- When buying tires for an all wheel drive car you need to buy all four at once and get an all four wheel alignment. If the car has different tires with different tread depths– avoid the car– it can cause problems with the AWD system. Also, factor in four new tires and a four wheel alignment if it needs it ($400-800 total depending on tire quality).
5. 2002-2006 Honda CRV’s have the K24A1 engine.
- 2002-2006 Honda CR-V’s are timing chain engines— no timing chain needed (that is when a car has a timing belt).
- Oil changes are an absolute must. I recommend changing the oil every 5000 miles with synthetic. people seem to abuse this Engine with lack of oil changes, and sludge and build up will destroy the engine.
- Rust can be a big issue on these cars. If it is ever seen the East Coast or lived in the Rust Belt aka “Salt Belt” for any amount of time be sure to check for rust on the frame. Do not buy the car if it has bad rust.
6. Make sure to check the AC system very closely as well.
- These cars are known to have problems with AC, and that is one thing that most people forget to check when buying a used car.
- It is referred to as the black death A/C problem on these cars– so be aware!
7. SRS (Airbag light problems) are common!
- Check the passenger seat and make sure the wires are clear under the seat for the sensor on the seat.
- They tend to get crammed in the tracks of the seat and need to be rerouted or resoldered. There also may be a problem with the sensor in the back under the passenger seat– do some diagnosis! But know that is a common problem.
8. Check for excessive burning oil!
- I mentioned this before, but as always try to be sure the engine isn’t drinking oil like gas. Here are some questions to ask the seller:
- Do you have to fill the oil in between changes? Do you check it inbetween changes (if no, that is a red flag for bad maintenance)?
Look at the exhaust pipe– does it have black soot coating it? A car that doesn’t burn a lot of oil will have a light brown tailpipe. One that drinks oil will be black. This isn’t a rule, but a good place to check to verify your suspicions.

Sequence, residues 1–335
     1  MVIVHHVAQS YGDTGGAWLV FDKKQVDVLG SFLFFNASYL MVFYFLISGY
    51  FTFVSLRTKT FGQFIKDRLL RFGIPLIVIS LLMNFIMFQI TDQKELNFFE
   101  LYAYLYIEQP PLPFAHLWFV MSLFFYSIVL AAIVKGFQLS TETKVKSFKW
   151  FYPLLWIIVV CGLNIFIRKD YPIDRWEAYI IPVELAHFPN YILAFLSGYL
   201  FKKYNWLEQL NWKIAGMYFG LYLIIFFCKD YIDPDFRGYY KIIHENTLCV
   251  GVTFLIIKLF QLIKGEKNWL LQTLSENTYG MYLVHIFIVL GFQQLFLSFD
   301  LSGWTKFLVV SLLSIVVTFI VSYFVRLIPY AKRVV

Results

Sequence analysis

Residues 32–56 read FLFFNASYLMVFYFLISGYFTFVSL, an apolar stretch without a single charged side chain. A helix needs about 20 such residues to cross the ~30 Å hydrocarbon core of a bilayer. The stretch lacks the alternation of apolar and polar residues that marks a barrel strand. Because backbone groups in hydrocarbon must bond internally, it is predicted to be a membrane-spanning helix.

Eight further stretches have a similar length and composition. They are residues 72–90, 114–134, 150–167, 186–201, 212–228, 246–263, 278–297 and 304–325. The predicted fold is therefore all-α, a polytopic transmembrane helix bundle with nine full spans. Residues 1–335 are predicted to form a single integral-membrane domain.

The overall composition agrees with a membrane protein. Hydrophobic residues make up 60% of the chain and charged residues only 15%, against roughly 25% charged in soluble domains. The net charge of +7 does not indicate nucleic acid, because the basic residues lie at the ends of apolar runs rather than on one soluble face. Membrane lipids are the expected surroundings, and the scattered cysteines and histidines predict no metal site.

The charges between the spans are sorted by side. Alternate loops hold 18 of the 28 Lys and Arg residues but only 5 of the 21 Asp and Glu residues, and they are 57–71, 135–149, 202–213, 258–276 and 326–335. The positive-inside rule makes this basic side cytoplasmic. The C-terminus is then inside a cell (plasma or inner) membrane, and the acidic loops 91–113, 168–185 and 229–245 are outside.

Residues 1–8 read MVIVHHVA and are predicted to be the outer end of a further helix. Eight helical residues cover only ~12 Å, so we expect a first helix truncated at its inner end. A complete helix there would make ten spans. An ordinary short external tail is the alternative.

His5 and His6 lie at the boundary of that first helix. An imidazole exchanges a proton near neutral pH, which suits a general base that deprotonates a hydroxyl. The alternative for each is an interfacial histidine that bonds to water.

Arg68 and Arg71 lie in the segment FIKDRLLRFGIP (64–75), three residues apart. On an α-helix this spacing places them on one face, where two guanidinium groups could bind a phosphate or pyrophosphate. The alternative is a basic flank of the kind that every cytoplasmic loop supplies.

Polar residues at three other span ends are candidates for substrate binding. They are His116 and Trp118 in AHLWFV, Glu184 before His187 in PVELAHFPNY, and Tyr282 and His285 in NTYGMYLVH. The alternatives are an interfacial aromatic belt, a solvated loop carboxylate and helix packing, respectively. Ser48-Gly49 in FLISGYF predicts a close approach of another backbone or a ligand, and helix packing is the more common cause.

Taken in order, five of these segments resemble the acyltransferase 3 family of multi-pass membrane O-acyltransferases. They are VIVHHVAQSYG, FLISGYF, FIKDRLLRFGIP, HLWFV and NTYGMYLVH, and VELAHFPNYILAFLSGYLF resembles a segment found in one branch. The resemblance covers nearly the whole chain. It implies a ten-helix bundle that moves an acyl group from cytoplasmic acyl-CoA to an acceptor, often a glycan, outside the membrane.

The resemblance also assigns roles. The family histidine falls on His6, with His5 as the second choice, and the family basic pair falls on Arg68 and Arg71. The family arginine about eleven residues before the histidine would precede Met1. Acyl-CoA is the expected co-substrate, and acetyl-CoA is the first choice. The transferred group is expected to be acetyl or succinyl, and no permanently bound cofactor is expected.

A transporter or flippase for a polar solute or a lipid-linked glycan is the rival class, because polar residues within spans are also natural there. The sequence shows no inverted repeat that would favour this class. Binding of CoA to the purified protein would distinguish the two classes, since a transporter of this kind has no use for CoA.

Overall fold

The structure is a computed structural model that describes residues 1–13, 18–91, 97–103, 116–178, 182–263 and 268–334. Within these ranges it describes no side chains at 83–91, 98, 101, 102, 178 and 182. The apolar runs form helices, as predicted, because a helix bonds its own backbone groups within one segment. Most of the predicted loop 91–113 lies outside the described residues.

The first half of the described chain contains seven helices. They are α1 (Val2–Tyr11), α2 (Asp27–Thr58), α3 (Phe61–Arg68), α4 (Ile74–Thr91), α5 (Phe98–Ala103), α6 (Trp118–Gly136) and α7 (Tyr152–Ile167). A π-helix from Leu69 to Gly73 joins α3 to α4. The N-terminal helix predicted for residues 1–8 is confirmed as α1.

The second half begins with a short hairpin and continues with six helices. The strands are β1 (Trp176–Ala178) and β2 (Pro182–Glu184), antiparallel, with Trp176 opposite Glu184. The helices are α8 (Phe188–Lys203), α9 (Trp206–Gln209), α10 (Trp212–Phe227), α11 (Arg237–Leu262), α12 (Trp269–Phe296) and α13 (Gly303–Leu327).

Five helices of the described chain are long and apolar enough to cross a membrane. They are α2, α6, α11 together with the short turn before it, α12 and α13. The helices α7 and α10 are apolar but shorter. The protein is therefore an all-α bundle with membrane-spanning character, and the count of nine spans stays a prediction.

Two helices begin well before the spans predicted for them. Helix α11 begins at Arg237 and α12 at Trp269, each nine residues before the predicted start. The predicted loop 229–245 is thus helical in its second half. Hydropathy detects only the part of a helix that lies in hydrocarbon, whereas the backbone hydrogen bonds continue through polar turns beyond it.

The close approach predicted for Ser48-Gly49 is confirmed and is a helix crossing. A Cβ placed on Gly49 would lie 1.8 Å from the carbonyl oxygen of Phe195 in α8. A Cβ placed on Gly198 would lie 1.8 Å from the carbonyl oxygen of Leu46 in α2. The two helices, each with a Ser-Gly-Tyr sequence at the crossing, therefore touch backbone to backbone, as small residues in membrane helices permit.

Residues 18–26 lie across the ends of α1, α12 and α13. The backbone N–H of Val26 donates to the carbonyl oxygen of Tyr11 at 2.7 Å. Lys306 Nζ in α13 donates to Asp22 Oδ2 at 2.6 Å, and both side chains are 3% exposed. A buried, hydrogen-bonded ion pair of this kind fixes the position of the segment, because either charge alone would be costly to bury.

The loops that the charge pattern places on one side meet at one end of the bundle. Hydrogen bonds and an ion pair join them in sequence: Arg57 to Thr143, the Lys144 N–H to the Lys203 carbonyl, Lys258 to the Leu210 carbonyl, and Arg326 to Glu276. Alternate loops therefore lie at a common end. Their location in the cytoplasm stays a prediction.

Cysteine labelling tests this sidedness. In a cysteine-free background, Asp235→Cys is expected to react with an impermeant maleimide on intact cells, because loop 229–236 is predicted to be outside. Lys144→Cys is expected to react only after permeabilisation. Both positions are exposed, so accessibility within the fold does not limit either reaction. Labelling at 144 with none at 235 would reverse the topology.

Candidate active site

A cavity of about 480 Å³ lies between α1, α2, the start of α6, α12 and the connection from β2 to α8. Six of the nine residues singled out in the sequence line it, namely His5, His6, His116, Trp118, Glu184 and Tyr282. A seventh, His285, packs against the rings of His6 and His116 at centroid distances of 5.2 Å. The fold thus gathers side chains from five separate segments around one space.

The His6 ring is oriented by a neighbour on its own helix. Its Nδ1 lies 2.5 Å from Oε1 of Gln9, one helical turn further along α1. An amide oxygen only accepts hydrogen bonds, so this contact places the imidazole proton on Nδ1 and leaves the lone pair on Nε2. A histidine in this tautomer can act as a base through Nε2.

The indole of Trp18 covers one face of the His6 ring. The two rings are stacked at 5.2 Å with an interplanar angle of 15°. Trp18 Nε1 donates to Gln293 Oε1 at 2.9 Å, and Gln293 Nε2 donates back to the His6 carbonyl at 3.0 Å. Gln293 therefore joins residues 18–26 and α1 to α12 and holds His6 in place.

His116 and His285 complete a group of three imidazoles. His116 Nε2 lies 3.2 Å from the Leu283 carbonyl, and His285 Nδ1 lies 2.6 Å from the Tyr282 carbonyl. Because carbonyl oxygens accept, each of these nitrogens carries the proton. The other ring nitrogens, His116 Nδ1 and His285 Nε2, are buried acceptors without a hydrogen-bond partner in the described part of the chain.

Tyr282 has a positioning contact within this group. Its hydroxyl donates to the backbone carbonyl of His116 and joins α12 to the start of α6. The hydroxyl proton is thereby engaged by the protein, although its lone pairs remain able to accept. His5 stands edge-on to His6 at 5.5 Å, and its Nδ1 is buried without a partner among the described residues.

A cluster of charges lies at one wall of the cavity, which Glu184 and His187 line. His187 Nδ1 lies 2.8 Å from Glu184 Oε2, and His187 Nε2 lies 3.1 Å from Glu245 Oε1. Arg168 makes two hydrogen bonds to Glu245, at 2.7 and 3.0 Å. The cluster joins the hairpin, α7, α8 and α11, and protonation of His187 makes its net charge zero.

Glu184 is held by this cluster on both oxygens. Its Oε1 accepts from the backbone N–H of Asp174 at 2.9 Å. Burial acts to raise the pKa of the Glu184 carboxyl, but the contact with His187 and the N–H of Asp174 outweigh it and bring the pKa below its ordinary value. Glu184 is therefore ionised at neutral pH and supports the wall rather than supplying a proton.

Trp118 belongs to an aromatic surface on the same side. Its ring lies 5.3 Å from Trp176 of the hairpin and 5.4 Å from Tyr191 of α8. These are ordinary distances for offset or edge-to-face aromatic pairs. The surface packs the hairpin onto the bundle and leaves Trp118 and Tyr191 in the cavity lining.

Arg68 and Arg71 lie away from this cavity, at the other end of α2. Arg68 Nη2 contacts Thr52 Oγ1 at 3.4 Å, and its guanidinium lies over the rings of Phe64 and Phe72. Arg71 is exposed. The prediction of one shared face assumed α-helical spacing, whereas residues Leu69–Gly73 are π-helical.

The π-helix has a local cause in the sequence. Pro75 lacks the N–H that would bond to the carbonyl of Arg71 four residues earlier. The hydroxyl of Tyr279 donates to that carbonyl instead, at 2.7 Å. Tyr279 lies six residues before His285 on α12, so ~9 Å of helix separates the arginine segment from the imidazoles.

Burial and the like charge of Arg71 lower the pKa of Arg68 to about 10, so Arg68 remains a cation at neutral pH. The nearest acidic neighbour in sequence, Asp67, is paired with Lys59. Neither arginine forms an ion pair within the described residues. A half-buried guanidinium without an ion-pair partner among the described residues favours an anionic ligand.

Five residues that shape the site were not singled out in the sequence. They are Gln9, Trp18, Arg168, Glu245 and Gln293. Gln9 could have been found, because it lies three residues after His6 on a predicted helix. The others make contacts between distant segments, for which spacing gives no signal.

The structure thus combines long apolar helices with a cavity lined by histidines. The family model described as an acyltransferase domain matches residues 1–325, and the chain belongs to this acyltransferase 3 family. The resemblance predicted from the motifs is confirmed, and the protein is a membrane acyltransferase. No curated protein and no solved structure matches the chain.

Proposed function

9. Test drive like a boss
- No radio on, no talking, just drive the car!
- Stop quickly, pay attention to noises, pulling, steering wheel shake, etc.
- Accelerate quickly– floor it! Get it up to 70-80mph. Any check engine lights now come on? Any shaking at high speeds? Anything feels sketchy?
- If the buyer gets uncomfortable with you pushing their car, then tell them you aren’t comfortable buying the car. The number of misfires I have found on cars simply by giving them full throttle and seeing how they do is crazy! It might put around town okay, but what happens when you open it up to get on the short freeway on ramp? It is a safety matter after all.
- Here is a video showing you how to perform a test drive on a used car like a boss:
10. Be ready to walk away!
- Remember DO NOT always buy the first car you go check out.
- Also, a seller will respect you much more if you let them know what price you are willing to pay and why. Then if they do want to think about it– let them! Honestly, if you show them cash, even hand it to them (say they are asking $7,500 and you think it is worth $6,000 take it out and place it in their hands when you suggest the price. It is much harder for them to give back the money than to refuse it in the first place.